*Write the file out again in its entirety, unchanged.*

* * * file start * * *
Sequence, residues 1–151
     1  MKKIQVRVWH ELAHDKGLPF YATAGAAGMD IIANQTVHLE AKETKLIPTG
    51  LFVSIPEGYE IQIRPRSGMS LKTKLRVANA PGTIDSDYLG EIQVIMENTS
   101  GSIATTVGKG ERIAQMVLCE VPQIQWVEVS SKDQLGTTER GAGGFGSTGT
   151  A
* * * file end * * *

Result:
Sequence, residues 1–151
     1  MKKIQVRVWH ELAHDKGLPF YATAGAAGMD IIANQTVHLE AKETKLIPTG
    51  LFVSIPEGYE IQIRPRSGMS LKTKLRVANA PGTIDSDYLG EIQVIMENTS
   101  GSIATTVGKG ERIAQMVLCE VPQIQWVEVS SKDQLGTTER GAGGFGSTGT
   151  A